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Acoustic neuroma is a condition in which a tumor forms on the nerve that links to the ear to the brain. This tumor can be found directly beneath the brain, behind the ear. Although an acoustic neuroma is benign, it may pose serious health threats to the individual. Commonly referred to as an angle tumor, the neuroma can cause permanent hearing loss and damage to other nearby nerves. Since the tumor typically grows at a slow rate, acoustic neuroma symptoms may not be present until later in life or until the tumor has become significantly large.
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Misleading Signs and Symptoms
Common symptoms of this condition are often associated with the sensations and symptoms of an inner ear infection. The hearing loss, vertigo, and ringing of the ear on the affected side tend to be the most prevalent among acoustic neuroma patients. However, there are other acoustic neuroma symptoms that may not be as apparent. Persistent headaches, feelings of dizziness, numbness of the face and/or ear on the affected side, vision problems, and loss of balance may also accompany an angle tumor. This is why some patients may falsely dismiss these signs as an ear infection or mild stroke. While most patients will not suffer symptoms to this degree, these particular symptoms are more likely to occur in those with larger tumors. Although it is very rare, unsteady gait, drooping of the face, and excessive drooling can also occur in some individuals.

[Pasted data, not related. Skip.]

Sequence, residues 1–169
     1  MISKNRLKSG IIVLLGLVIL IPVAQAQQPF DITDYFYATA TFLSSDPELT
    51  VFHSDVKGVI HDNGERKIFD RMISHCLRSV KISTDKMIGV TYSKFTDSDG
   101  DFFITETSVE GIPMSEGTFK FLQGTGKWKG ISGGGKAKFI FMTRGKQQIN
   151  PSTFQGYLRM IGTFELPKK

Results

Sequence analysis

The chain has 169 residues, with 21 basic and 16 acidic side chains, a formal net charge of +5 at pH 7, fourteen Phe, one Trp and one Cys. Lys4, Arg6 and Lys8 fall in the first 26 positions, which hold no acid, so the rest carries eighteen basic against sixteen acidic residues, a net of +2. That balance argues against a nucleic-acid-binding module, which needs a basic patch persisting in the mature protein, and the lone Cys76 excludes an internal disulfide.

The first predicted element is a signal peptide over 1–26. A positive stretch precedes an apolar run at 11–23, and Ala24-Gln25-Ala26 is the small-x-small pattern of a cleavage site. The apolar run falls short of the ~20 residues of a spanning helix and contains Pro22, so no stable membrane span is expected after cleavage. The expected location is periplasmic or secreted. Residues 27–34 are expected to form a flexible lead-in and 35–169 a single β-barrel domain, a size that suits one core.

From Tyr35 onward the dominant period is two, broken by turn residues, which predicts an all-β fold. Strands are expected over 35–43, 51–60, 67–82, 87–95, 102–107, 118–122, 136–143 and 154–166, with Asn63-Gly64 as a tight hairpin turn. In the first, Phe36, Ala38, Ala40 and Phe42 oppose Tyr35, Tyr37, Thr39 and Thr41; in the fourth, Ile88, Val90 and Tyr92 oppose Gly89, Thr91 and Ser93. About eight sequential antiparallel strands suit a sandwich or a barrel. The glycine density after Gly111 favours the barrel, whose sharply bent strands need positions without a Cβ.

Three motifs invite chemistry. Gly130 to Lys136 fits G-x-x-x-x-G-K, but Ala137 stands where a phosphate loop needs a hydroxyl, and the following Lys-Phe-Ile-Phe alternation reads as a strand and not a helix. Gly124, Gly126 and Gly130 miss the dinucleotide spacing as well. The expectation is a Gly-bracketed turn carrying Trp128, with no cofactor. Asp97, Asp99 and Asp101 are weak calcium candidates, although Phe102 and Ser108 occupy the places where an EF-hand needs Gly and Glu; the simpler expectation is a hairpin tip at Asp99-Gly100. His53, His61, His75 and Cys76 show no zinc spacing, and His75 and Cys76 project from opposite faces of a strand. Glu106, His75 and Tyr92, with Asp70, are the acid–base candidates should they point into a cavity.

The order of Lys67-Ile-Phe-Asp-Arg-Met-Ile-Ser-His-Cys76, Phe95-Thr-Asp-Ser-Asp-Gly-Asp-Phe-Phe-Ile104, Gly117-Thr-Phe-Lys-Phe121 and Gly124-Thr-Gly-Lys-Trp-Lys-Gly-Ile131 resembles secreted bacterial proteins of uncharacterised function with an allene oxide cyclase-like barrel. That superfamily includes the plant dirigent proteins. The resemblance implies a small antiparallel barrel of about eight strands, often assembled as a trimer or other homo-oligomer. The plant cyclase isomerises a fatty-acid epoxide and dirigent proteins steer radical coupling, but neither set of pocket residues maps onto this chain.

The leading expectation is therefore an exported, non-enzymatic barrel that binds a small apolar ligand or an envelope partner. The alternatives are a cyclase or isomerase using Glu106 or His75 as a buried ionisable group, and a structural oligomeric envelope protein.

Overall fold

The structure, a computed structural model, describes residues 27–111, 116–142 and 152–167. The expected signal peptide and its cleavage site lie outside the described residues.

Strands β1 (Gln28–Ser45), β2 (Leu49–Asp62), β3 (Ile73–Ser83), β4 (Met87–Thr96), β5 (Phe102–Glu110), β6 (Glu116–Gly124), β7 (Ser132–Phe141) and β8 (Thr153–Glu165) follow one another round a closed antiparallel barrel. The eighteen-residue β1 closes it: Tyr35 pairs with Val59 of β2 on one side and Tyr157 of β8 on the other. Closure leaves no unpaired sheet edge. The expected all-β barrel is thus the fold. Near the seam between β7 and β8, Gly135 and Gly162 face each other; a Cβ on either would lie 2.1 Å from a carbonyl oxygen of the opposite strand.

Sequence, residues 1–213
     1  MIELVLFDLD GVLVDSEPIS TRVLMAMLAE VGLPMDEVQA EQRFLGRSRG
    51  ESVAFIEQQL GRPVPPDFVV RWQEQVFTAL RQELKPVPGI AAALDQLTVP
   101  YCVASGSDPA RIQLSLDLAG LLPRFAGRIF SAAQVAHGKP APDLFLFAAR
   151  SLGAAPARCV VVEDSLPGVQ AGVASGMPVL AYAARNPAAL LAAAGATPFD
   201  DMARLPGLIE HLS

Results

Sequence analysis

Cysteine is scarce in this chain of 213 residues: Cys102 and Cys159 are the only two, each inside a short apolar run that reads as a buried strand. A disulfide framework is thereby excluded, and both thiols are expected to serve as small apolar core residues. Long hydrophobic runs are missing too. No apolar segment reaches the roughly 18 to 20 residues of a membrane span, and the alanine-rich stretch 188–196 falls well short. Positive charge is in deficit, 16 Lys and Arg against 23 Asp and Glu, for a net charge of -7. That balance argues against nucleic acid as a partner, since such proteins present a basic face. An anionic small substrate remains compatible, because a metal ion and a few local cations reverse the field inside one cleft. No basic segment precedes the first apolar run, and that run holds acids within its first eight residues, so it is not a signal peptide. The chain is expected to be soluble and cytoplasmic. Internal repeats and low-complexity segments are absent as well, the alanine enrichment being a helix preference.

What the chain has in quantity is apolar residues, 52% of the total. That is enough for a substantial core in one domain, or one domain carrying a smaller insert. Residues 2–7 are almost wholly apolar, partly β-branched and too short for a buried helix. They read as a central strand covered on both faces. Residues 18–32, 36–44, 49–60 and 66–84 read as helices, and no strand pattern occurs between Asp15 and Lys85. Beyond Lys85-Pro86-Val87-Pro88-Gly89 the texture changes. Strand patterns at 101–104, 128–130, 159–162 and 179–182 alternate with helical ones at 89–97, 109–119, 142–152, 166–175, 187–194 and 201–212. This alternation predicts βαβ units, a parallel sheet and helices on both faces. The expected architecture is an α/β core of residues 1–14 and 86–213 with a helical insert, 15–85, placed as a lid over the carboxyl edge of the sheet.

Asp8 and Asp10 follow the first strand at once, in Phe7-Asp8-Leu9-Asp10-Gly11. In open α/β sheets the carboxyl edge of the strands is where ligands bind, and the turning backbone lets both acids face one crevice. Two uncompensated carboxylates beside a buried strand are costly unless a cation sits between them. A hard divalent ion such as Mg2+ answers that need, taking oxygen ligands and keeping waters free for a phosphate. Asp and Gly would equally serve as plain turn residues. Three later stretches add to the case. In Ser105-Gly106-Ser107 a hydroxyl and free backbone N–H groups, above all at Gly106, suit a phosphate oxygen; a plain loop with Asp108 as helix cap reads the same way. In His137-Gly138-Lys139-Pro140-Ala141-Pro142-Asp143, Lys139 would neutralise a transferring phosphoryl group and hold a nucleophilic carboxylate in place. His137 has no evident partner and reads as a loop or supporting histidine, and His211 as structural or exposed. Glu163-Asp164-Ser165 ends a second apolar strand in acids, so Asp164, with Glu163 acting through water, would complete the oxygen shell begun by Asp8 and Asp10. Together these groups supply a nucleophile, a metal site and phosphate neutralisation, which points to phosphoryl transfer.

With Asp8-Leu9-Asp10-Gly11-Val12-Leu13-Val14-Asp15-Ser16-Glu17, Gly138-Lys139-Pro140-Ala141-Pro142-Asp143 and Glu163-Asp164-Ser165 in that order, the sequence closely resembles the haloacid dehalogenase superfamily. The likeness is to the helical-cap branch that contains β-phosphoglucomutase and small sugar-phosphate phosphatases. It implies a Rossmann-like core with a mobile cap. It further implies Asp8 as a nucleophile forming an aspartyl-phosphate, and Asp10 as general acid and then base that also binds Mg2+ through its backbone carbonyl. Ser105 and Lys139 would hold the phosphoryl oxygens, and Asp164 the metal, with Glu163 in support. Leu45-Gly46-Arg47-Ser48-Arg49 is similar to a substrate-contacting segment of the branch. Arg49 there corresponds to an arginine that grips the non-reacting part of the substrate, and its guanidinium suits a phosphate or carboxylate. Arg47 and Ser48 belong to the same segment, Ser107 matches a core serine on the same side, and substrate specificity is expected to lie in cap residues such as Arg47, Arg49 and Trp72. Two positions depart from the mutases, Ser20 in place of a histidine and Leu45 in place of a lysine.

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Since the symptoms of an angle tumor are so closely related to other conditions, physicians do not rely on them to diagnose the condition. Despite the fact that acoustic neuroma symptoms are common, the disorder itself is not. This is why further testing to detect the presence of the neuroma may not be ordered until these other conditions are successfully ruled out. Diagnosis for an angle tumor may consist of hearing tests, a CT of the head, and tests associated with equilibrium, vertigo, and functioning of the brain stem. The most utilized and effective method for diagnosing the neuroma is an MRI of the head.
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MedlinePlus. National Institute of Health. 12, June 2009. Viewed 17, December 2009. http://www.nlm.nih.gov/medlineplus/ency/article/000778.htm
John Hopkins University. Acoustic Neuroma: Symptoms. Viewed 17, December 2009. http://www.hopkinsmedicine.org/otolaryngology/specialty_areas/otology/acoustic_neuroma_symptoms.html